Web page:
Lines to Love: The Glass Ocean: Tess


While Sarah and John are digging up the dirt in their respective pasts (see post here), they uncover quite the story. It all starts with the man who turned the Grecian folly into his personal study, cramming it full of books and manuscripts, portfolios, notebooks and looseleaf papers. Robert Langford wasn’t the most organized fellow even if he was a prominent author of spy thrillers à la Ian Fleming. And just like with Fleming, we’re left wondering if Robert derived his plot twists a little too much from personal experience rather than from an overactive imagination.

By all accounts, Robert Langford is quite the catch. This is where I think Tessa Fairweather comes in; she’s an artist who’s been using her unique skill set to forge her way into a fortune. Not for herself mind you; for her sister Ginny who may or may not have gotten herself in entirely over her head (a pun which is somewhat unfortunate given that the Lusitania does actually sink…). Tessa, who’s really Tennessee Schaff, has a verdant imagination which comes in handy when one wants to paint an accurate picture of Robert Langford, which is exactly what Tess’ fingers are itching to do. Case in point, here’s one of her observations of Robert:

The music wrapped around Tess like an enchantment, stroking longings she hadn’t known she had, a longing to be inside that well-lit room, as perfect as a doll’s house, with that man, that man, leaning toward her with the same predatory grace, restraint and hunger all mixed together written in every line of his body.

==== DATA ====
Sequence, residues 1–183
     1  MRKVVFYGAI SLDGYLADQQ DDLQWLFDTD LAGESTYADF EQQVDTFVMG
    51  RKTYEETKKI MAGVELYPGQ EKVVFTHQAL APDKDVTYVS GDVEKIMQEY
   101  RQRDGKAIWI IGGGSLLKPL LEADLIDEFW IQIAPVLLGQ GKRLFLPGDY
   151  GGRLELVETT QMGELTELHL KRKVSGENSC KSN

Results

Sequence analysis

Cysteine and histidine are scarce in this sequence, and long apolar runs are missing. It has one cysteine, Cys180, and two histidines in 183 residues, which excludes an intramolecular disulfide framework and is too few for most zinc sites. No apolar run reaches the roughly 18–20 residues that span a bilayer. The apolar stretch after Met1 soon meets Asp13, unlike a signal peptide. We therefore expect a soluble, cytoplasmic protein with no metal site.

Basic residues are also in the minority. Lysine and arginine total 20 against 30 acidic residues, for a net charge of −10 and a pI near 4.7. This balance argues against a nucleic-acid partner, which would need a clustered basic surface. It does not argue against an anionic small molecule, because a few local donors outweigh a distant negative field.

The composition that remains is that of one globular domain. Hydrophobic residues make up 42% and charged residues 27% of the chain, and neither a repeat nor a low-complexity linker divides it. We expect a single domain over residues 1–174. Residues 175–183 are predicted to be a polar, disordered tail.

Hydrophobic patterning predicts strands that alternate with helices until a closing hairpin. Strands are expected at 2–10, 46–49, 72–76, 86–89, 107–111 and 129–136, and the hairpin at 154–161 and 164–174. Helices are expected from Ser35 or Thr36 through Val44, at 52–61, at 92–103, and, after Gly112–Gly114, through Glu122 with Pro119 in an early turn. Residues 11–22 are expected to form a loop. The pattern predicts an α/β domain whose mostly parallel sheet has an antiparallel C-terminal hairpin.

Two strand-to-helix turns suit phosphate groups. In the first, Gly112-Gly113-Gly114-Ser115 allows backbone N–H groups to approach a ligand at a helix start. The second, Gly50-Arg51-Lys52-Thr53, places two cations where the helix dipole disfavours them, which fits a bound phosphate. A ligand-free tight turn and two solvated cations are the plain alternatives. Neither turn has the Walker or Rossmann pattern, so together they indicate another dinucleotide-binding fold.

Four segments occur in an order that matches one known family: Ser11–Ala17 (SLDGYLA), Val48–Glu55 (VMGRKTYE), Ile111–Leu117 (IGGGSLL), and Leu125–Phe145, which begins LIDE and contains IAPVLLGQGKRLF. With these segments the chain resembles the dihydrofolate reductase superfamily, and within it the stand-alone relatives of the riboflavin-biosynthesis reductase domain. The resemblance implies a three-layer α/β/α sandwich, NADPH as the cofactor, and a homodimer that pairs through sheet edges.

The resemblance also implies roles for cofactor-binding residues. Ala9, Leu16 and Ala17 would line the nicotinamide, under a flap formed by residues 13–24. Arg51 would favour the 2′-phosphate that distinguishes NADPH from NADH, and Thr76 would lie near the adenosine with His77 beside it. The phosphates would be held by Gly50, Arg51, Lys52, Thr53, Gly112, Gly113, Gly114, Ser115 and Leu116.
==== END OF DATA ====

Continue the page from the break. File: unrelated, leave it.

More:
And while that description of his physicality and presence might make a woman swoon, I think I was hooked by what I imagine his voice sounding like.

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As a woman who is partial to both a good dark chocolate and Guinness, Robert Langford sounds delicious.

But Tess isn’t the only woman who is in Robert’s thrall. There’s also Caroline Hochstetter:

She recognized the woman from the pictures Ginny had cut out of Town Topics: the former Miss Caroline Telfair, pampered Southern belle with a pedigree that went back to God. Or, at least, to three or four Founding Fathers.

And this is where it gets a trifle complex. You see, Caroline has in her possession a rare, unfinished waltz by Johannes Strauss. Tess’ sister, who’s being strong armed by a mysterious someone and we don’t know who, wants Tess to break in, pilfer the waltz, and then copy it.

There are a few problems with this plan. First, Tess is afraid. She hasn’t had time to really do her homework on this job. Sure Ginny keeps telling her that it’s fine so long as she just does as she’s told, but Tess is still ill at ease. It’s not just fear for what her unnamed employers might do to her if she fails; Tess is also scared of her sister.


Second, Tess wants out of her life of crime. She’s ready to walk the straight and narrow. Ginny’s been keeping her at a distance, and whenever Tess brings up going straight, Ginny gets angry. But Tess can’t take this life anymore.